This is the history told in the last two stanzas of “Kite.” In the first of these, Bono acknowledges the band’s mid-90s collapse and explains that its absurdist turn was at least partly intentional: “Did I waste it? / Not so much I couldn’t taste it / Life should be fragrant / Rooftop to the basement.” In the second, he provides fans with a rationale: “The last of the rocks stars / When hip hop drove the big cars / In the time when new media was the big idea / That was the big idea.”

Together I think these two stanzas prove I’m not totally off my rocker in pointing to the historical work being done by U2 in this song. In them Bono recognizes the essential anachronism of a 1970s stadium rock band (the “last of the rock stars”) in a world of satellite television, iTunes, and general media fragmentation (in the mid- to late-90s marginal hip hop artists truly “drove the big cars” viz. the Notorious B.I.G. and Coolio). He also recognizes that the only way to deal with the historical predicament in which U2 finds itself is alternatingly to embrace and reject that new media culture—that was the “big idea.”

In terms of found history, “Kite” shows not only that U2 has thought about and understands its place in the larger sweep of rock and roll history, but also that its long time fan base expects fidelity to that history or at least some explanation when it deviates from it. “Kite” also suggests that at this late stage, die hard fans may well expect U2 to make history and autobiography as much as they expect them to make good music.

Change Over Time

This is kind of creepy—it reminds me of Michael Jackson’s 1991 Black or White video, which is creepy on many levels—but it’s also kind of cool. Eggman913‘s 500 Years of Female Portraits in Western Art provides a compelling and potentially telling history of the evolution of Western female portraiture in the space of three minutes.

It would be great if we had artists, titles, and dates to go along with the music and images, but even without them the video provides an incredibly rich visualization of how both painting and perceptions of women have changed since the Renaissance. Professional digital historians could take a lesson from this slick amateur effort.

Medieval Help Desk

Ever wonder how Europe managed the transition from scroll to codex? This short video may provide some insight. I suspect the periodization is all wrong—historians of the book can let us know—but anyone who has ever worked in tech support will see the comedic conceit is right on.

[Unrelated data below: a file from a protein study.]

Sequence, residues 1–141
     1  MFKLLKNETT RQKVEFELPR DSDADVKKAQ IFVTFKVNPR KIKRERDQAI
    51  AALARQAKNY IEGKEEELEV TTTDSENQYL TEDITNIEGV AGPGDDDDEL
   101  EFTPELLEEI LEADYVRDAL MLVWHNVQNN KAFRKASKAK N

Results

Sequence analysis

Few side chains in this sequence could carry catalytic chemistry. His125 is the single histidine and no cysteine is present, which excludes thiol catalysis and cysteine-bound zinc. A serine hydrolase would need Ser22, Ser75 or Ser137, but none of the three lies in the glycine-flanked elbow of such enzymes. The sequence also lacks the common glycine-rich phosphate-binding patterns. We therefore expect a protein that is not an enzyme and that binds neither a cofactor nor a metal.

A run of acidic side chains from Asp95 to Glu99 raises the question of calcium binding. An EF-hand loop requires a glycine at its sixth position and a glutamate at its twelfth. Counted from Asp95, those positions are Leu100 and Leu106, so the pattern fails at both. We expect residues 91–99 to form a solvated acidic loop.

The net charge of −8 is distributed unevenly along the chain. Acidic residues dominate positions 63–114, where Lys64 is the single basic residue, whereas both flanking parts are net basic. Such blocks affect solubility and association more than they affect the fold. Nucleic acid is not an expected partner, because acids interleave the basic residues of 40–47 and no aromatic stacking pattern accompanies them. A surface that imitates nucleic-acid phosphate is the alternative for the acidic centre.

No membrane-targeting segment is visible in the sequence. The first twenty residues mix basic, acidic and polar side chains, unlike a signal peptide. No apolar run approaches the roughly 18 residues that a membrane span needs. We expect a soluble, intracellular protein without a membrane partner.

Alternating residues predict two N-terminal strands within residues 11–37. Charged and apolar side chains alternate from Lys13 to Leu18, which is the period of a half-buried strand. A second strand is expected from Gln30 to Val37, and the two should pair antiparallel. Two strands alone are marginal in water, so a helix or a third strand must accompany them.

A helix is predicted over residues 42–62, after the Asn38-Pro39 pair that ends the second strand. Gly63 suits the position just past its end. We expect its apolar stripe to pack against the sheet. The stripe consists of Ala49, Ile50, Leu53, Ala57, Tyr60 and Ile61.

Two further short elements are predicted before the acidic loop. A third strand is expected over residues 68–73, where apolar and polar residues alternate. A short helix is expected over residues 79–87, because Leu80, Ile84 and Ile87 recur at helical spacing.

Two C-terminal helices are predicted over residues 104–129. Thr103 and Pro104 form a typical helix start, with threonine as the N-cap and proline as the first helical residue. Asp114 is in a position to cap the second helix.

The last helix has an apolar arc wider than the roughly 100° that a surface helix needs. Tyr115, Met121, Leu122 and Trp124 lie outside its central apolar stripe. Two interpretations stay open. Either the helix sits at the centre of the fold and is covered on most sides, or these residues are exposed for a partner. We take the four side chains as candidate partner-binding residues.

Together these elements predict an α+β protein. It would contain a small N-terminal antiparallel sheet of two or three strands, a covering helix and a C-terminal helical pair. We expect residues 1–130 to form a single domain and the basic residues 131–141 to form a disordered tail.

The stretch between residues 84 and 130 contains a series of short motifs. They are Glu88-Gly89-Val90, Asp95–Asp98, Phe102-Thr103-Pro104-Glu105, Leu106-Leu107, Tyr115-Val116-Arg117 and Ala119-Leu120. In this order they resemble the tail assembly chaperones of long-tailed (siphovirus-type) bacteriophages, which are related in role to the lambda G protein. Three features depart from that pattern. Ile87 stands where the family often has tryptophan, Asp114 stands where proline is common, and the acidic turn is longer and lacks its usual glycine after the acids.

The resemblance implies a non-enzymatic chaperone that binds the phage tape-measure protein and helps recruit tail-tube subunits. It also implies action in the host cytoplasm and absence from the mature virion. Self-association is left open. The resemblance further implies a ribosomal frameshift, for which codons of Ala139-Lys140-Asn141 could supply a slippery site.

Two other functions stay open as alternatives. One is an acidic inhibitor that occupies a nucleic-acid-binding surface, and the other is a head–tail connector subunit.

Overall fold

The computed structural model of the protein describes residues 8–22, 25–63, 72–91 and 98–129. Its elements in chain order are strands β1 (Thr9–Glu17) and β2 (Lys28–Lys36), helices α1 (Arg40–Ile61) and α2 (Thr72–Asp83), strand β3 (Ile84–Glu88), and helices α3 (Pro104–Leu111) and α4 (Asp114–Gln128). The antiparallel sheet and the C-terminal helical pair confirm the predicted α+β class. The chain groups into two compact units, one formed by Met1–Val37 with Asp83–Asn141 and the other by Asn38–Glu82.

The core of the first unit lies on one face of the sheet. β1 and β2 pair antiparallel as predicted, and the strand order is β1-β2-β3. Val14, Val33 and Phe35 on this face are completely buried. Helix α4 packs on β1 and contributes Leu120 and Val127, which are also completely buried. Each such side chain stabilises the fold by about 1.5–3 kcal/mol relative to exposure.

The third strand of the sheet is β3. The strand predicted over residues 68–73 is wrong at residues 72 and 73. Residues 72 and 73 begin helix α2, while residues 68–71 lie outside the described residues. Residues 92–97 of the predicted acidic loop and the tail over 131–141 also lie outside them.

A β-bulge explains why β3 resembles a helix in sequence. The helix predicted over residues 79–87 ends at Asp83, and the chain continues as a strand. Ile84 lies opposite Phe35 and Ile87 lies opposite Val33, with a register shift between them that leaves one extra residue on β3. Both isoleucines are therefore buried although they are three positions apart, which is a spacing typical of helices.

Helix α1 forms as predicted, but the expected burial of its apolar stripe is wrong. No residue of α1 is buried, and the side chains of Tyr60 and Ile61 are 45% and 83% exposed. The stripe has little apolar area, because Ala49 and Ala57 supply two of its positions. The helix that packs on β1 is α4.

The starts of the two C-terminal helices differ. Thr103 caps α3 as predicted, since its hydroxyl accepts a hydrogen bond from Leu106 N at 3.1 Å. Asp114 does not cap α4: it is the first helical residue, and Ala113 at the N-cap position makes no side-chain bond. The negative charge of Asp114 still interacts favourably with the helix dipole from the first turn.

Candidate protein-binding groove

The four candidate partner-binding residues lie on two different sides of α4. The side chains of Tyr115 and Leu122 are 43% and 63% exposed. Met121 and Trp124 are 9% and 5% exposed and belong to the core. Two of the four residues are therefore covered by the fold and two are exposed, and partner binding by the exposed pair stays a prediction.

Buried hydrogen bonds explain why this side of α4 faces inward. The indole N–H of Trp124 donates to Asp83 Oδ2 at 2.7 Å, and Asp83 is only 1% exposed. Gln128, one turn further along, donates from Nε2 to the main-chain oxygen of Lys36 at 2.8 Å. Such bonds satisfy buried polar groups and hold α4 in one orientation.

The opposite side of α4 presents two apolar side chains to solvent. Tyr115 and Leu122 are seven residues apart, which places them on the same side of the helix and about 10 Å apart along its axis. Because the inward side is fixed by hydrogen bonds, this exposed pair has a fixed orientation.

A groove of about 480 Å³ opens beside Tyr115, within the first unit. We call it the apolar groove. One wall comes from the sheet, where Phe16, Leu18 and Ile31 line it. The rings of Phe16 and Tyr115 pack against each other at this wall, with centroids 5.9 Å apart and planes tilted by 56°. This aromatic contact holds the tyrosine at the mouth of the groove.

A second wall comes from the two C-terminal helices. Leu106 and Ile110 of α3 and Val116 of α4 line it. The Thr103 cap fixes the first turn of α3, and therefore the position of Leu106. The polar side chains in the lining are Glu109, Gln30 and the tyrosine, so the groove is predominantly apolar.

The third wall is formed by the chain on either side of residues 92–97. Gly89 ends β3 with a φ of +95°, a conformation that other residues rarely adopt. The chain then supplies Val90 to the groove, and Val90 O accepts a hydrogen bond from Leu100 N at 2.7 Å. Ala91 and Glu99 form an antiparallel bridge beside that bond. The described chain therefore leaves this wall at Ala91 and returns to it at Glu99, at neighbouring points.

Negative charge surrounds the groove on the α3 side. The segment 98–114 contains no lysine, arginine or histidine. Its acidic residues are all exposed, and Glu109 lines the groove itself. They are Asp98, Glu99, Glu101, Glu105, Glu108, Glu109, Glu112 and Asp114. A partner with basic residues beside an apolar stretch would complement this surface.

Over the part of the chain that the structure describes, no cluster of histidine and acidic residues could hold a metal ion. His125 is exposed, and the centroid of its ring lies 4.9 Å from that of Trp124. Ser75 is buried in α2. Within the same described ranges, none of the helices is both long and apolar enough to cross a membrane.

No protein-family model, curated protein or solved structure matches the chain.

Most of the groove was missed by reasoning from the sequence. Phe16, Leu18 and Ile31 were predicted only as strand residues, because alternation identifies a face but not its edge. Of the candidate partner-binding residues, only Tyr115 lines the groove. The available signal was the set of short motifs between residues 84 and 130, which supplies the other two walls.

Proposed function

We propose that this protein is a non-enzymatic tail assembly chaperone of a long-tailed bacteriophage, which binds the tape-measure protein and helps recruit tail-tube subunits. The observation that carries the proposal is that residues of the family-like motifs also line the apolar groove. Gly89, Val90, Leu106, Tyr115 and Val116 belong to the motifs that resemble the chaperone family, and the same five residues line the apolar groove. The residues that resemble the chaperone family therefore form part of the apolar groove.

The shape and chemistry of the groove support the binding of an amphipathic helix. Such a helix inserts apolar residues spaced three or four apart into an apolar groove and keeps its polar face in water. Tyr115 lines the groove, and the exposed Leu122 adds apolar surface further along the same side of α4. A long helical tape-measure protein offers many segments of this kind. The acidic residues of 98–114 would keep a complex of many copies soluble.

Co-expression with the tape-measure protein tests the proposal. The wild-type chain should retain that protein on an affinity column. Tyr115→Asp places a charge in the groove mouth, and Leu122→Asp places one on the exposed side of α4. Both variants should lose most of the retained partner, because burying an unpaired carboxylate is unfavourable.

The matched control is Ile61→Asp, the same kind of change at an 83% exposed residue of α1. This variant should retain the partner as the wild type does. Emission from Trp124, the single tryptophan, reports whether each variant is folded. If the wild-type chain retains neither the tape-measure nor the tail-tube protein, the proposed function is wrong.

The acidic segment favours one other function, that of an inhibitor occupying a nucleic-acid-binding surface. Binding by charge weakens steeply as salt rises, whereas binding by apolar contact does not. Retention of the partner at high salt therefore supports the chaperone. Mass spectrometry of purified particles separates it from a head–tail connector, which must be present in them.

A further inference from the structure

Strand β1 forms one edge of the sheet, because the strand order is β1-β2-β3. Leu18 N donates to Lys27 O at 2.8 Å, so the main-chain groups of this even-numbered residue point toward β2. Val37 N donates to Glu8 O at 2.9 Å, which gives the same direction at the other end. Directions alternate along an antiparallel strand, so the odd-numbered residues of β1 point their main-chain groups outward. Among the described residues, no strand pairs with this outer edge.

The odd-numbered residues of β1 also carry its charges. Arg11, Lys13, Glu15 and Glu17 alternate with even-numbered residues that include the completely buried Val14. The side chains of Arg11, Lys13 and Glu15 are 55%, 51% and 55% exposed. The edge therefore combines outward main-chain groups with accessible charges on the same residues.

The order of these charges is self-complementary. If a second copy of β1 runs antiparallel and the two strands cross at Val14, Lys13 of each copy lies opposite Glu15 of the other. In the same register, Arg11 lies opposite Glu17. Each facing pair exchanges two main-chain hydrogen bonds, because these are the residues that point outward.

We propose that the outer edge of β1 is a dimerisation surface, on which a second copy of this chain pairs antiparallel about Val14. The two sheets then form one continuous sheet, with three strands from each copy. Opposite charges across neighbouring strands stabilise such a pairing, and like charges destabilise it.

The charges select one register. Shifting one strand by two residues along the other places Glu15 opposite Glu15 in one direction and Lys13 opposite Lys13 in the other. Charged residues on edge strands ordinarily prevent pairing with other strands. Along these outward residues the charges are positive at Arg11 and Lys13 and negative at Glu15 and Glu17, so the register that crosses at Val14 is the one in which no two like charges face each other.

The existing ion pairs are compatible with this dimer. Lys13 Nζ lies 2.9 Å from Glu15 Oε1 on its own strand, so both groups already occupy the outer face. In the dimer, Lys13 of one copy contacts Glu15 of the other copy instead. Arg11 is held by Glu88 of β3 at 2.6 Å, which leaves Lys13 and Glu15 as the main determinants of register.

BTW: Unless you speak Norwegian, you probably want to turn down the sound and stick to the subtitles.

Really Smooth Music

My good friend Rob was particularly disgusted by my Venerable Bede joke (sorry, Rob), so I’m going to try to make it up to him by posting one of his found history picks.

Video podcast Yacht Rock parodies the silky sounds of late-70s and early-80s pop acts like Steely Dan, Chicago, Hall and Oates, Toto, and Christopher Cross, in each episode reenacting the “secret history” of a different yacht rock classic. As host Hollywood Steve tells us from his “music nook”:

From 1976-1984 the radio airwaves were dominated by really smooth music, also known as Yacht Rock. These yacht rockers docked a remarkable fleet of number one hits, and every song has a story behind it. Let me tell you one.

Episode 1, for example, tells the story of how new Doobie Brothers member, Michael McDonald (with help from former Loggins and Messina front man Kenny Loggins) came to write “What a fool Believes,” transforming the Doobies’ earlier, guitar-rock sound into the yacht rock of their later years. Episode 2 documents the 1978 “back alley” song writing duel between Loggins and McDonald and yacht rock bad boys Hall and Oates. Episode 3 explains Loggins’ transition from the smooth sounds of yacht rock to the rockin’ beats of his Caddyshack and Top Gun years. Episode 6 is the most overtly “historical” of the bunch, featuring piercing insights from Ferris State University history professor, Dr. “Big Rapids” Gary Huey. Huey provides the Plymouth Plantation pre-history of yacht rock, complete with a doubly-anachronistic cameo by none other than Jethro Tull (appearing here as a kind of unholy hybrid of the 18th century agriculturalist and the 1970s hard rock flutist, Ian Anderson). From there it just gets weirder.

Have a good weekend, and in the immortal words of yacht rock producer, Koko Goldstein, “don’t loose the smooth.” Now I’m off to find me an ice cold Tab.

John Bolton, John Stewart, Doris Kearns Goodwin

I was cleaning out my TiVo last night, and I caught this odd trio debating the makeup of Lincoln’s cabinet. The phone is an especially nice touch.

(Don’t blame me for the crappy video embed. My initial instinct was to pull this from YouTube. After several fruitless searches there, I finally remembered Viacom’s DMCA lawsuit and stumbled over to Comedy Central’s nearly unusable video pages. How many thousands of like-minded YouTube users have just given up and forgotten all about their Daily Show clip? Nice move, Viacom.)